The Plaza hotel provides the comfort and the location to enjoy all that Reykjavik’s city center has to offer and it’s location creates the perfect setting for your stay with a wide variety of restaurants, cafés, shopping and nightlife at your doorstep.

For booking a room at Center Hotel Plaza we kindly ask you to follow these steps:

  1. Click on the booking link here
  2. Select Center Hotels Plaza
  3. Enter your date of arrival and departure
  4. Under “ Discount Code”: Please enter the code NGWM and you will then get a special rate for your stay during the conference.

Center hotel Arnarhvoll

Þverholt 14, 105 Reykjavík

Whatever you’ve got planned in Reykjavik, from whale watching to bar hopping, nothing beats returning to a room with all the comforts of home. Arnarhvoll offers 104 modern Scandi-style rooms with all those little touches that make a big difference like a flat screen TV and free wifi.

Close to the harbor, overlooking the bay and mountains, it’s no surprise that Center Hotels Arnarhvoll with it’s 104 comfortable rooms, serves up some of the best views in Reykjavik. From the lobby to the rooms, everything feels welcoming and Scandi. If you want to wake up to awesome, make sure to book a room with a view. The hotel’s rooftop SKÝ Bar is a must for guests and thirsty locals.

For booking a room at Center Hotel Arnarhvoll we kindly ask you to follow these steps:

  1. Click on the booking link here
  2. Select Center Hotels Arnarhvoll
  3. Enter your date of arrival and departure
  4. Under “ Discount Code”: Please enter the code NGWM and you will then get a special rate for your stay during the conference.

Hotel Cabin

Borgartún 32, 105 Reykjavík

Located just 701 m to Laugardalslaug geothermal swimming pool, Hotel Cabin is in the Reykjavik East district. The Sculpture and Shore Walk promenade is just 400 m away from the hotel, while Reykjavík city center is 0.9 mi away. Guests enjoy free private parking and WiFi.

All rooms feature a TV and a private bathroom. Some rooms also have a scenic view of either the city or the sea.

Cabin Hotel has a buffet restaurant and a lobby bar where guests can enjoy a drink while watching TV. The bar offers daily happy hour specials.

For booking a room at Hotel Cabin we kindly ask you to follow these steps:

  1. Click on the booking link here
  2. Hotel Cabin is selected
  3. Enter your date of arrival and departure
  4. Under “%”: The code NGWM

Icelandair Natura

Nauthólsvegur 52, 102 Reykjavik

Inside Icelandair Hotel Reykjavik Natura, you will find a warm and inviting atmosphere, filled with thoughtful details inspired by the beautiful nature that surrounds the property. This is no cookie-cutter hotel. Reykjavik Natura embraces its legacy – its distinctly Icelandic roots, including works from local artists, the freshest local produce at Satt Restaurant and Natura Spa with its warm relaxing atmosphere.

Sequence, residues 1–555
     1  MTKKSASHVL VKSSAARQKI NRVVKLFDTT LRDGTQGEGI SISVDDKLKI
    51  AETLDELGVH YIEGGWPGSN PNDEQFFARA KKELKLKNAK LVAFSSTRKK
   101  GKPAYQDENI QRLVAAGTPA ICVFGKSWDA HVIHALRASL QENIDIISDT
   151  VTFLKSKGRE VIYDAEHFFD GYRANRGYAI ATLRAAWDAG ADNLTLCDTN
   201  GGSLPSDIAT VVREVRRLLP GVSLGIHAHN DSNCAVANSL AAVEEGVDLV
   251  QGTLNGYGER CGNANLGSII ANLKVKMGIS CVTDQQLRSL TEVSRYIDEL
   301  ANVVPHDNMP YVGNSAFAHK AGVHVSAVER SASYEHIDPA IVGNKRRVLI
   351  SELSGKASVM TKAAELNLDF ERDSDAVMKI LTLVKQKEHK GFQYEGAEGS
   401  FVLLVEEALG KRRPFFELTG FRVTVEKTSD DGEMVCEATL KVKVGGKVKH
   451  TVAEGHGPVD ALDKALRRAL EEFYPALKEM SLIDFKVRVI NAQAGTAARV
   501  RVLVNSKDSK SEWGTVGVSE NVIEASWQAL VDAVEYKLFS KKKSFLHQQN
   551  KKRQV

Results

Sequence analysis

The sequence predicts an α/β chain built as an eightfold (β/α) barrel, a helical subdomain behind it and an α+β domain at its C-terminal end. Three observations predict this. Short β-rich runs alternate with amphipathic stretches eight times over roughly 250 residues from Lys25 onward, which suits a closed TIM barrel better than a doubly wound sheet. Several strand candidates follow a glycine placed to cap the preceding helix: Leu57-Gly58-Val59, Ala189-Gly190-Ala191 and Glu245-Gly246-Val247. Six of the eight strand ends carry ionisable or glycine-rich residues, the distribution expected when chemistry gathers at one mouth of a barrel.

Icelandair Hotel Reykjavik Natura is also the perfect location for those who love nature and the outdoors. Located in one of the greenest areas in Reykjavik, you can enjoy access to expansive stretches of biking, running and walking trails as well as pathways. Reykjavik’s own Nautholsvik Geothermal beach area and the famous Perlan are also closeby. The buzzing city center is within easy reach; just a few minutes away by car or bus or approximately a 20-minute walk.

For booking a room at Iceclandair Hotel Reykjavik Natura we kindly ask you to click on this booking link here.

Fosshótel Baron

A historic hotel which stands prominently in the heart of Reykjavík, near the seafront and a short walk from Reykjavik’s harbor.

Enjoy a scenic walk by the seaside, visit the prestigious Harpa Concert Hall and try some of Reykjavík’s great restaurants and cafés, all just a stone’s throw from the hotel.

All of Baron’s accommodation options are equipped with satellite TV and tea/coffee facilities. The 2-bedroom apartments feature a small kitchenette. Some rooms have elegant late 1800s-style décor, while others offer views of the Atlantic Ocean.

For booking a room at Fosshotel Baron we kindly ask you to click on this booking link here.

Icelandair Hotel Alda

Laugavegur 66-68, 101 Reykjavik

At Alda Hotel Reykjavik, we combine a fantastic location, on Reykjavik‘s main shopping street, Laugavegur, with a harmonious atmosphere. Our boutique-style hotel, where rooms vary in shapes and sizes, offer a calm escape.

The idea of Alda Hotel Reykjavík is to provide tranquil space in the middle of the city to take in and process the expressions from the adventures experienced in Iceland. We are located on the upper end of Laugavegur (otherwise known as the quiet part), around a 15-minute walk from the center of the city.

We are close to shops, cafés, and restaurants but away from the central nightlife area.

General Information

Reykjavík is an excellent venue for an international conference. Founded in 1786, it is the capital of Iceland and the northernmost capital city in the world. The city is vibrant and offers most of the conveniences and attractions usually associated with major capitals of the world. Its amazing array of possibilities is why Reykjavik is sometimes called the biggest little capital in the world. In Reykjavik you have opportunities for historical sites, natural beauty, museums and galleries, public parks, excellent shopping, a wide range of leisure activities, hotels, restaurants and a remarkably lively artistic scene.

The official tourism website of the Reykjavík Capital Area is



Sena ehf
Hagasmára 1

201 Kópavogur

+354 591 5100



Project Manager
Lára B. Pétursdóttir

For registration and general information



Chairman of the Committee
Þorsteinn Sæmundsson – HÍ

▪️ Halldór Geirsson – HÍ
▪️ Ásta Rut Hjartardóttir – HÍ
▪️ Bjarni Gautason